Erik: Everyone in the band is excited to play that indoor festival. We are definitely looking forward to it. It's great to share the stage with a great band like Hell and Soulburn is a great old school Death Metal band from The Netherlands that we are definitely looking forward to seeing.
Wim: The venue where this festival takes place is a new one in Holland. It has two great stages and a good capacity. We're thrilled to play there and will play some full-throttle Inquisitor goddamned Metal!! Other bands playing there are Countess, Funeral Winds, Hell Militia, Heretic, Crever and Hekte Zaren.
Luxi: What else do you have in store when it comes to playing live with Inquisitor? You must be aiming to get some slots at summer metal festivals around Europe and, who knows, even further...?
Erik: We will play at the Stonehenge festival in The Netherlands but I'm not sure if we will play at summer festivals outside of The Netherlands. Of course we would like to do a few summer festivals and indoor gigs anywhere in Europe, that's for sure. We do get interesting offers from promoters from The Netherlands, which is great.
Wim: From 1991 until 1997 we played lots of gigs and drove hundreds of miles to play small shows as well. Because of our busy personal lives now we have decided not to play too many shows but only take the icing on the cake and play the most interesting shows. Next to Veneration of the Dead festival in April comes the Doomsday Celebration in May. We will also play at the Stonehenge Festival in July and we already have been asked to play more festivals in the months to come. More about this at our Facebook page, Twitter account and website, which will be ready in a few weeks (www.InquisitorXtremeThrash.nl).
Luxi: As the year 2015 progresses what kind of things do you hope to accomplish with Inquisitor? Have you set any goals being it recording a new Inquisitor album or simply move forward with the band without that pressure?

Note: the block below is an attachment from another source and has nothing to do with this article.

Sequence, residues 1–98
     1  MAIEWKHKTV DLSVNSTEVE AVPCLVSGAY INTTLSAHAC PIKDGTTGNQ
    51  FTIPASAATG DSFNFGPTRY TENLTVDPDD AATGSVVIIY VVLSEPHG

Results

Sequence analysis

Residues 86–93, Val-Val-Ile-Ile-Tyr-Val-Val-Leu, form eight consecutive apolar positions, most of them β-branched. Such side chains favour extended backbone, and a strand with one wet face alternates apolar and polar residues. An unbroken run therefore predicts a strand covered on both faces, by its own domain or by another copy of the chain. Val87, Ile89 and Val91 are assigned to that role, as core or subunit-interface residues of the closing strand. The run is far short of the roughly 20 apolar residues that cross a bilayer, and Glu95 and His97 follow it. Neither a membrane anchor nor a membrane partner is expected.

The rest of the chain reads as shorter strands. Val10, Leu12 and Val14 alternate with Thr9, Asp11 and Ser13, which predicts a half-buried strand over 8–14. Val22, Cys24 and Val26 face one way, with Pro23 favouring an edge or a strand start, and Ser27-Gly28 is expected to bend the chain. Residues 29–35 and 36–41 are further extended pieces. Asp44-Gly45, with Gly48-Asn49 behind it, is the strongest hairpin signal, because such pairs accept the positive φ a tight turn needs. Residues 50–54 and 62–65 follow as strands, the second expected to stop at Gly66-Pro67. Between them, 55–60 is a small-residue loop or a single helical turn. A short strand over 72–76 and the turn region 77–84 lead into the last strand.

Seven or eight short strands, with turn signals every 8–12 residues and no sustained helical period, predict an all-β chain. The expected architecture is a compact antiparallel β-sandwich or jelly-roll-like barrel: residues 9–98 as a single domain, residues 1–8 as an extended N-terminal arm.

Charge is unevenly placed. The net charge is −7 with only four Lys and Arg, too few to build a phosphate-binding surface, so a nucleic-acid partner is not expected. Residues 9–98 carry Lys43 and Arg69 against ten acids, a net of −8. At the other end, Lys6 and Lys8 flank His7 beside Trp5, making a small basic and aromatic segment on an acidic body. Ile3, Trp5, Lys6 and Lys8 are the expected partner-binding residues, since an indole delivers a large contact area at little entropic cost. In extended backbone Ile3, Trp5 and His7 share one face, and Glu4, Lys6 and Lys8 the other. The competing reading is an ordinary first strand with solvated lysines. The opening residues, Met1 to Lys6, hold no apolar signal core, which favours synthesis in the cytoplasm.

Erik: We definitely want to record new material this year, if possible. Hammerheart showed interest in releasing new material so I expect we will follow that path. For now we are satisfied with the gigs we will do this year in The Netherlands. But it would definitely be great if we could also do a few gigs outside of The Netherlands this year. In the past we've played gigs in Belgium and Germany and I don't see any reason why we shouldn't play those places again but that's up to promoters. We definitely have to make a name ourselves again and we will do whatever it takes within our (limited) reach to do that. Everybody in the band is very motivated and we would like to keep it that way without too much pressure.
Luxi: I guess that was it so thank you Erik and Wim for taking your time with my questions. I want to sincerely wish you all the best with your future endeavors with Inquisitor. Thanks to both of you again. If you feel like throwing some last words to conclude this chat properly enough, feel free to do so...
Erik: Since a lot has already been said in the words above, I have not much to add other than to say; "Luxi, kiitos for this killer interview!" And to those who haven't heard us yet, check us out if you dare. Inquisitor is back!
Wim: Also a big "thank you" for firing all these questions at us. Enough said now; it's time to play some Inquisitor fucking Metal... cheerz!!!
|Other information about Inquisitor (Netherlands) on this site|
|Review: I Am Sick, I Must Die|
|Review: Stigmata Me, I'm in Misery|
|Interview with guitarist Erik Sprooten on May 11, 2018 (Interviewed by Luxi Lahtinen)|